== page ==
|Schmidinger S et al.|
Cardiomyopathy in patients with Friedreich's ataxia - appearance and diagnostic value
Journal of Clinical and Basic Cardiology 2000; 3 (3): 167-171
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Keywords: Friedreich-Ataxie, hypertrophe Kardiomyopathie, Friedreich ataxia, hypertrophic cardiomyopathy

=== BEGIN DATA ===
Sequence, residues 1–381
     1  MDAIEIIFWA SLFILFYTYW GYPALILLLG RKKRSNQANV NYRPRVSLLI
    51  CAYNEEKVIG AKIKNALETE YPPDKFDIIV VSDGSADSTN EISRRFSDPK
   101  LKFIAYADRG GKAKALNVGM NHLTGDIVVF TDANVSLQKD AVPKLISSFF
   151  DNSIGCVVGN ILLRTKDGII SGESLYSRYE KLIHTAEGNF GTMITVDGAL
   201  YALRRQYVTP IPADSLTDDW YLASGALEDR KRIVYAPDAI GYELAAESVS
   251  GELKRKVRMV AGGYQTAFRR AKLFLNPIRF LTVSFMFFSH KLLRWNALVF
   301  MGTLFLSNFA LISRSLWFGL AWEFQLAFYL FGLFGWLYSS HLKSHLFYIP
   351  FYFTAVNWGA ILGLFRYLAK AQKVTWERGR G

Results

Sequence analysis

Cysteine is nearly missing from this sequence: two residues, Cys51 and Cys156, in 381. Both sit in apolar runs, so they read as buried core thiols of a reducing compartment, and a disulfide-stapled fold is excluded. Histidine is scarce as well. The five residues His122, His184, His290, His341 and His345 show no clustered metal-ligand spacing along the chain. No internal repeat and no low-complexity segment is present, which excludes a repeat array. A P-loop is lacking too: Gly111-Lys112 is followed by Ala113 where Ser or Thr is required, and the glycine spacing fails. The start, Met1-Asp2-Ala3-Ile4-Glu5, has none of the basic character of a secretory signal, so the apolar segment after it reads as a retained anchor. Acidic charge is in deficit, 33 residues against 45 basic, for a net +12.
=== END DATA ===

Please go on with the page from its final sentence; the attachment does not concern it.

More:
Among the heredoataxias which appear partially similar, Friedreich's ataxia (FA) attracts attention because of concomitant hypertrophic cardiomyopathy (HCM) which decreases life expectancy of FA patients explicitly despite moderate clinical symptoms. Single cases of sudden cardiac death are described. This prospective study faces the appearance of HCM in FA-patients including rhythmologic features and its diagnostic value in separating FA and non-Friedreich heredoatactic patients (NFA). 22 FA patients, 28 non-Friedreich heredoatactic patients and 22 healthy controls were compared using their history, 12-channel electrocardiograms (ECG), Holter monitoring, signal-averaged electrocardiograms as well as their echocardiographic results. Dyspnoea and chest pain were present in nearly every third FA patient, hardly in NFA patients. Abnormalities according to ECG were far more significant in the FA group with a proportion of 86 % (19 of 22) abnormal ECGs in contrast to both other groups. Almost all abnormal ECGs of FA patients revealed typically ST-T inversions in the inferior limb and lateral precordial leads. Regarding all three groups ventricular late potentials in signal-averaged electrocardiograms occured with normal incidence. Echocardiography offered strict differences in mean left ventricular wall thickness (p < 0.0001) - FA group with 11.3 mm against the NFA group with 9.1 mm and control group with 8.7 mm. 64 % of the FA patients and no one from the other study groups presented concentric non-obstructive HCM. Standard ECG and echocardiography seem to be sufficient methods to differentiate Friedreich's ataxia from other heredoataxias phenotypically, in two out of three FA patients concentric HCM could be proven by heart ultrasonography. Meanwhile ventricular late potentials as a sign of extended danger of ventricular arrhythmia appear in normal frequencies. J Clin Basic Cardiol 2000; 3: 167-171.